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6 Responses

  1. Really? says:

    I think Lockdown is TNA’s best show almost every year. I still think cage matches CAN be special. They are thrown around too much, yes, and they are a lot harder to pull off in a PG, bloodless environment.

  2. Nick says:

    I agree with everything you say about one thing: I think Lockdown actually manages to present the cage match as something great. Much like the Royal Rumble is special as an annual event, by putting the cage matches on one card, it makes that card standout. It’s basically the second biggest PPV of TNA’s year, even if this year’s main event was disastrous.

  3. Dragon says:

    I must agree the cage match has definitely lost its appeal in years due to the over exposure. The Hell In a Cell use to be the end of ends. to see one was a big deal and a rare occurrence. Now its just another PPV to wait for. I remember seeing Batista and Taker in the HiaC at the survivor series in Miami, I felt like I was seeing something special. Not so much the match itself but just that I was seeing a HiaC live and even then it was already being overused in recent years, but it was still in a way at random. Once the HiaC became a PPV, the match lost its luster. Even getting to see HHH/Taker in Miami live the HiaC just wasnt as special even though I must say the feel of the match was the most intense match ive ever been for live but the cage was just scenery in my view. It also dosent help that due to the PG rating the cage dosent get as bloody as it used to.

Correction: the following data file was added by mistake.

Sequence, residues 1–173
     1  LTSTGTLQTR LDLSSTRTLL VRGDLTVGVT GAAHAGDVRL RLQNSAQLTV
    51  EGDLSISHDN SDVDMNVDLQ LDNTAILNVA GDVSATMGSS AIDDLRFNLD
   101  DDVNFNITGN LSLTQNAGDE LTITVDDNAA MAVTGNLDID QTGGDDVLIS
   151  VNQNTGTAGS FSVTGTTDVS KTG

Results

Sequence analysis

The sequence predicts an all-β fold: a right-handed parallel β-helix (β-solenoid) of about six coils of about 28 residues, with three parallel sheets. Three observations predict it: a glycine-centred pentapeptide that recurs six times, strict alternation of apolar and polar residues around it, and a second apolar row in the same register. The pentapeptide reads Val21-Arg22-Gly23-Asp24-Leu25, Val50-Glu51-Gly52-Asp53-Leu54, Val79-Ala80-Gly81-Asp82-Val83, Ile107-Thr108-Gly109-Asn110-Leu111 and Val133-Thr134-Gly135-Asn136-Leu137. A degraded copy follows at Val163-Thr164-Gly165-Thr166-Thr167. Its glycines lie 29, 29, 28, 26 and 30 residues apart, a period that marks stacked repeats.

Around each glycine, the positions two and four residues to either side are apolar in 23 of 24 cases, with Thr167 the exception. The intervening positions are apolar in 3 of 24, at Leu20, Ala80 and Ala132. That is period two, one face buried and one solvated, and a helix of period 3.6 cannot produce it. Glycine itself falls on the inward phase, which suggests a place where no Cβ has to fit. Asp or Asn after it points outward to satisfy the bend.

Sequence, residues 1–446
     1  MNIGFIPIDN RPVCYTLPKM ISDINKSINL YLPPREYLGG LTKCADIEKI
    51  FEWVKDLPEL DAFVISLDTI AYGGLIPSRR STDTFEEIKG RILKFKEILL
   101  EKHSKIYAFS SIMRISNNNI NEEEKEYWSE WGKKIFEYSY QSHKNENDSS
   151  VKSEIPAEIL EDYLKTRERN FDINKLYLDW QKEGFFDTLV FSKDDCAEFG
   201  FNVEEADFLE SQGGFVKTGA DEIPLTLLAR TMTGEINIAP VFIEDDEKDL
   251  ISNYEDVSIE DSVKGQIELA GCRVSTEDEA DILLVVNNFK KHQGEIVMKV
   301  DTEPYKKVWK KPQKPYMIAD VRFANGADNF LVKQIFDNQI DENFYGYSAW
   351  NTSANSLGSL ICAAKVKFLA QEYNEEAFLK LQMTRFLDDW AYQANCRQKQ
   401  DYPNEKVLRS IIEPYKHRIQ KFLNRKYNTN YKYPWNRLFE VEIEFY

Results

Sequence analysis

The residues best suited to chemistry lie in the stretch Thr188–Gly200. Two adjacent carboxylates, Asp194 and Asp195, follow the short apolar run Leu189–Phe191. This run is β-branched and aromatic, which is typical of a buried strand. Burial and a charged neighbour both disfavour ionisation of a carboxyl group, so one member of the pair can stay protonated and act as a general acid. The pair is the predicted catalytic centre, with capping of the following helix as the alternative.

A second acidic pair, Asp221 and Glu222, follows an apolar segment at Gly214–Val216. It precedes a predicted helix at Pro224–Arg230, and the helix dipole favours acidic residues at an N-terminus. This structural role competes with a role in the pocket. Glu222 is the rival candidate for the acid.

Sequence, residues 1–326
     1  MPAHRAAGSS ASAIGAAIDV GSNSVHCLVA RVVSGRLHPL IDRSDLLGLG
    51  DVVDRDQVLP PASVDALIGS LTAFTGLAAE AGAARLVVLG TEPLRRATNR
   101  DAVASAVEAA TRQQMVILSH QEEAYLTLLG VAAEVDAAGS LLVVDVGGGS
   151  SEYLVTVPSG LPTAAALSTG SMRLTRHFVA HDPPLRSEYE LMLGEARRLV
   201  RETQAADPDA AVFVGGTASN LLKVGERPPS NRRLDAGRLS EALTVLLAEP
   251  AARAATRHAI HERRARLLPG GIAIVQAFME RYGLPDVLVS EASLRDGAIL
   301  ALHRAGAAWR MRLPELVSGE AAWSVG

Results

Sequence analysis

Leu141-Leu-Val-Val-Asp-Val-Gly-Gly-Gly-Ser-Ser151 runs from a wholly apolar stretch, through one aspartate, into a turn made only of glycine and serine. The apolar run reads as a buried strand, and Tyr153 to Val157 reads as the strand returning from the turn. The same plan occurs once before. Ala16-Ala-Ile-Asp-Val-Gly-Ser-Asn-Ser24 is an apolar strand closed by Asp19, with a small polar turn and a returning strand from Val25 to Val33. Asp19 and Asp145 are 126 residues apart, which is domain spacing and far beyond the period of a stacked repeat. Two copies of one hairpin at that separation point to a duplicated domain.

Back in the day seeing a cage match meant the feud was at its peak and reaching a boiling point. It meant you were gonna see something brutal and violent. Seeing a Hell in a Cell meant that the 2 men in the match wanted each other dead. The Hell in a Cell used to make careers and break bones. Now it all has been cheapened to just another PPV and the 2 guys in the match have run out of other possible matches.

  4. Atlee Greene says:

    Thank you all for reading!

    @Really: You bring up a great point about the PG direction of the show.

    @Nick: Lockdown is usually a fun event to watch for sure. I completely agree with you on this years main event.

    @Dragon: I never seen a HITC match in person but I got to imagine it is an impressive sight. I got to see the cage match between Steve Austin & Rikishi (Stemming from Rikishing running over Austin in 1999) and it was amazing to watch in person even though people felt it didn’t come across well on TV.

  5. Scott says:

    I think you can blame PG for that. I’m usually one to say “Don’t blame PG”, but I think this is one exception. Yeah, maybe there is also too many of these matches, but at the same time, when you have limitations on what you can or can’t do, it hurts it.

  6. Gene says:

    Learn to just watch and let things go. Either just enjoy it or stop watching. Stop over analyzing it